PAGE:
If You’re Self Employed, Don’t Make These Tax Mistakes

Wait… Which Form?

If you’re just making the leap to self-employment, then preparing your own taxes can be quite confusing. Filing taxes as an employee is considerably different than filing as a business owner. You may want to enlist the help of a professional, but if you decide to go it alone, here are some common tax mistakes to avoid.

Failing to Keep Track of Income and Expenses

This is a big one. If you don’t write it down, you’re liable to forget plenty of things. It’s also a bad idea to attempt to log this information on random post-its and napkins. Instead, keep a dedicated notebook, or better yet, a spreadsheet to track your income and expenses.


Keep all of your receipts and log everything at least once a week. Make sure you enter the amount, date, and purpose of your expenses. Having everything logged, organized, and in one place will go a long way in making tax time easier and less stressful.

Not Taking Advantage of Incorporation

Many small businesses start off as a sole proprietorship and never consider incorporation. Depending on the size and scope of your company, being a sole proprietor may be the best option. However, you owe it to yourself to at least research the benefits of incorporating.

One of the best things about incorporating your business is that it has the effect of insulating your personal finances and assets. Therefore, creditors won’t be able to come after your personal property if things go awry with your company.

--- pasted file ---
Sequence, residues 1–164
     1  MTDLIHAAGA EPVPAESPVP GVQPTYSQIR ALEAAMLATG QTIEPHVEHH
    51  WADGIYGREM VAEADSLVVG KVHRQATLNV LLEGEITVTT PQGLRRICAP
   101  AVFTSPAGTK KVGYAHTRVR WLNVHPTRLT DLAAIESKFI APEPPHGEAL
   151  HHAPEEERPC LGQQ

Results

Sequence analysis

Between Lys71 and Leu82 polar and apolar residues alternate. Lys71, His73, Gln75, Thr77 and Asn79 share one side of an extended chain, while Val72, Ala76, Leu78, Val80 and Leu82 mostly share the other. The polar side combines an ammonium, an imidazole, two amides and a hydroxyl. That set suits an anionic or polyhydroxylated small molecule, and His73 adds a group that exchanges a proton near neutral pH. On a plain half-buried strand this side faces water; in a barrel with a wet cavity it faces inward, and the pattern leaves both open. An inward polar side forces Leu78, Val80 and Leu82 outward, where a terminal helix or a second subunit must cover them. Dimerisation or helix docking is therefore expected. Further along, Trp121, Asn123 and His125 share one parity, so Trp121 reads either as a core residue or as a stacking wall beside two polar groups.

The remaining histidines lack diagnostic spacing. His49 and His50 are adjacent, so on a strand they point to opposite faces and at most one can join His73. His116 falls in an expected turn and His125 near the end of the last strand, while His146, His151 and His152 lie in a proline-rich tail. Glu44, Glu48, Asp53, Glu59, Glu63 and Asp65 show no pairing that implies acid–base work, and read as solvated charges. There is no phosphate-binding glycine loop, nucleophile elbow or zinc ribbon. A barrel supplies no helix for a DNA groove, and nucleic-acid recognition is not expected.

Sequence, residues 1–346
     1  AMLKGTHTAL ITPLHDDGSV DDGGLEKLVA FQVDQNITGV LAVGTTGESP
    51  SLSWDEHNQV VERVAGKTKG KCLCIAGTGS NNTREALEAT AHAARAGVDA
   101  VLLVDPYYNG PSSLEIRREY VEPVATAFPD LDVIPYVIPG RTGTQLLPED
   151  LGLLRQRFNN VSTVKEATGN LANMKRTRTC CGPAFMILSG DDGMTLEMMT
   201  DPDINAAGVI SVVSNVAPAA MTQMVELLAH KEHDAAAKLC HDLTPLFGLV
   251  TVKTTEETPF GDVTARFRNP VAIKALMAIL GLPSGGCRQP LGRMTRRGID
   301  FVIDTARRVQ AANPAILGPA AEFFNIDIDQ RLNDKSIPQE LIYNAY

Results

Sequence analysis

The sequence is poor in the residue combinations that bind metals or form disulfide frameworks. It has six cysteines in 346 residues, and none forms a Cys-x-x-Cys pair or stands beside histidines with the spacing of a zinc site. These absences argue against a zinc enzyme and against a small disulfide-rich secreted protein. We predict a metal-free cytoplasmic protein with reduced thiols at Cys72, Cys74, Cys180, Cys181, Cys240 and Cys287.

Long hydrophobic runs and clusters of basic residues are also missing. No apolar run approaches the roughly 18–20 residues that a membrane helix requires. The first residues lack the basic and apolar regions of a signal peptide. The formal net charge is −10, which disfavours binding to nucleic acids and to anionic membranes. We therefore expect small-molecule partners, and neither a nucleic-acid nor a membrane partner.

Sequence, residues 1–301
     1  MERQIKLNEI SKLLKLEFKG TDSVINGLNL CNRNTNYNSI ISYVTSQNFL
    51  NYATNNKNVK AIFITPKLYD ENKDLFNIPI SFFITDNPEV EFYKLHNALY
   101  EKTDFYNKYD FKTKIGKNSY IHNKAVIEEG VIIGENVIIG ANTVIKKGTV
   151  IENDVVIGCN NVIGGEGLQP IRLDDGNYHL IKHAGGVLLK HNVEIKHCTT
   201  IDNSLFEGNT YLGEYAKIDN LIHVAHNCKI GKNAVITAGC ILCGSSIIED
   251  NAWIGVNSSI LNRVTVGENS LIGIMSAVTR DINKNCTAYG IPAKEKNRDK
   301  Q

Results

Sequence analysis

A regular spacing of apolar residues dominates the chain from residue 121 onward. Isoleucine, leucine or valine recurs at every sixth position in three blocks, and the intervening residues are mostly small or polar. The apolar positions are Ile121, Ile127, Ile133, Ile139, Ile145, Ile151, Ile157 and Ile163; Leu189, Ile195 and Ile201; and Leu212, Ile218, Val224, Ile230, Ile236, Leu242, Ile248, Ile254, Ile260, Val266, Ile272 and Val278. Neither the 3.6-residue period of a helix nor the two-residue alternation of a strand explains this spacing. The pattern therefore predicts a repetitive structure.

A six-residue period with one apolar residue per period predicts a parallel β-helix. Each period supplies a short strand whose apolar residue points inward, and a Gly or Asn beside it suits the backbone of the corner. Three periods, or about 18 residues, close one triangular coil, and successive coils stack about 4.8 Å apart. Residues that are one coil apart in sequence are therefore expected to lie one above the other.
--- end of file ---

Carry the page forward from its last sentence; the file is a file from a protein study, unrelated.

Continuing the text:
In the tax arena, incorporation makes sense in that it allows you to avoid paying the dreaded self-employment tax. This tax can be in excess of 15%, and that’s on top of the income tax that you already pay!

Not Setting Money Aside for Taxes

Speaking of the self-employment tax, many sole-proprietors face a rude awakening at tax time if they fail to put money away ahead of time to fulfill this tax obligation. While half of your self-employment tax is deductible, it must still be paid. Failure to plan ahead has resulted in plenty of tax-time anxiety and heartache for the self-employed.

Missing Deductions

This is a very common tax mistake made by the self-employed. You don’t want to give Uncle Sam any more than you have to, do you? Make sure you research and take advantage of all of the tax breaks available to your business. Some commonly missed tax-deductible items are:

  • Subscriptions to industry-related periodicals
  • Entertainment expenses for wining and dining clients
  • Business-related vehicle expenses and travel costs
  • Promotional items and advertising
  • Internet and phone service
  • Office equipment, such as smartphones, tablets and computers

Make sure you take advantage of all the tax breaks you can. If you don’t, you might as well be throwing money out the window.

By: Rick Klaras

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